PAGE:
Like many people in the "autism community", I don't like the terms HFA and LFA. There are too many assumptions and prejudices built into those terms, and they really are very heavily weighted by how verbal a person is, which is not the end all and be all of communicating or functioning in general. But society in general, and our schools in our neck of the woods, try to put each kid into a "box" (usually figuratively, though sometimes literally), instead of taking the time and making the effort to acurately evaluate and work with their strengths and weaknesses.

I've been thinking about this a lot, as we head towards another IEP next month (the first one since going full time in Buddy Boy's present school placement). Sometimes it seems no matter how much effort we put into writing the IEP (and explaining things to his teachers), there still seams to be a breakdown in communication between us. Which makes me wonder how much of Buddy Boy's communication is being lost or misinterpreted at school. Oh well, time will tell.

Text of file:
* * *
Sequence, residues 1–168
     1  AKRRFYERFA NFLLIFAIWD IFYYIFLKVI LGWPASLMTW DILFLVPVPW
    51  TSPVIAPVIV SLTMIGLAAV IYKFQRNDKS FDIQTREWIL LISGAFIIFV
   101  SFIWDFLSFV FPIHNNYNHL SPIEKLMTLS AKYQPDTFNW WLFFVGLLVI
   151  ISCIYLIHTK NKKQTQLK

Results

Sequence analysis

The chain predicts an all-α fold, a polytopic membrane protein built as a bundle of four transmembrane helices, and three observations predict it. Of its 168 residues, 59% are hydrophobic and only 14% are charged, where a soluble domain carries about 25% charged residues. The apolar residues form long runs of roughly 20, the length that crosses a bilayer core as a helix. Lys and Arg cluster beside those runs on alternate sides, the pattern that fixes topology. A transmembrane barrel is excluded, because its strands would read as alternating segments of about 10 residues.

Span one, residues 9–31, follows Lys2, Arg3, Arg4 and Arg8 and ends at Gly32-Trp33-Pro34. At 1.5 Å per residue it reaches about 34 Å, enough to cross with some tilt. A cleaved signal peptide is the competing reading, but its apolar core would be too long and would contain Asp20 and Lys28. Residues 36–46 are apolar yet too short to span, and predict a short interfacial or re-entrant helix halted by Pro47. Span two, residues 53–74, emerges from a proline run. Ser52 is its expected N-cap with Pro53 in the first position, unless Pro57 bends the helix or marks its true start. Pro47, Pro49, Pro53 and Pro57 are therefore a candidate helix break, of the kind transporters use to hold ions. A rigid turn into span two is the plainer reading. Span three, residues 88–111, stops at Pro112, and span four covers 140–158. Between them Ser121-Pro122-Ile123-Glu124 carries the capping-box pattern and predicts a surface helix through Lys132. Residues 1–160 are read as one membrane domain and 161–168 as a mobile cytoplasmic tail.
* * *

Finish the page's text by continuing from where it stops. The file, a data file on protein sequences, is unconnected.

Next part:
Until then, for my part I'm just glad that Sweet Pea said "jiggling" instead of "sagging". I would have paid for her comment a long time if she had.

Note: I have a big conference that I am helping to run this coming weekend. I may not post again until Monday or Tuesday.

11 comments:

Joeymom said...

I have a few friends with children who have Asperger's Syndrome. Invariably, this is referred to as "HIgh-Functioning." They are all extremely verbal (take th eword "extremely" in its various different uses, and you'll cover all the aspies we have met). It always amazes me that Joey is a LOT more functional in his environment and society than any of the Asperger's kids we know. "High functioning" has nothing to do with functionality. I think the term was invented specificaly to cause confusion, or to be used as a tool for confusion at IEP meetings. (If my kid is so "high functioning" and you think he doesn't need an aide because he is "high functioning", then why are you placing him in a self-contained classroom? )

The "breakdown in communication" also seems to serve as a tool to deny service. It is as if special needs teachers, administrators, and school therapists are shocked that a child with special needs might have... special needs. WTF?

We'll be thinking of you guys and your prep for the upcoming meeting. Sending lots of good luck and good cooperation vibes your way!

Club 166 said...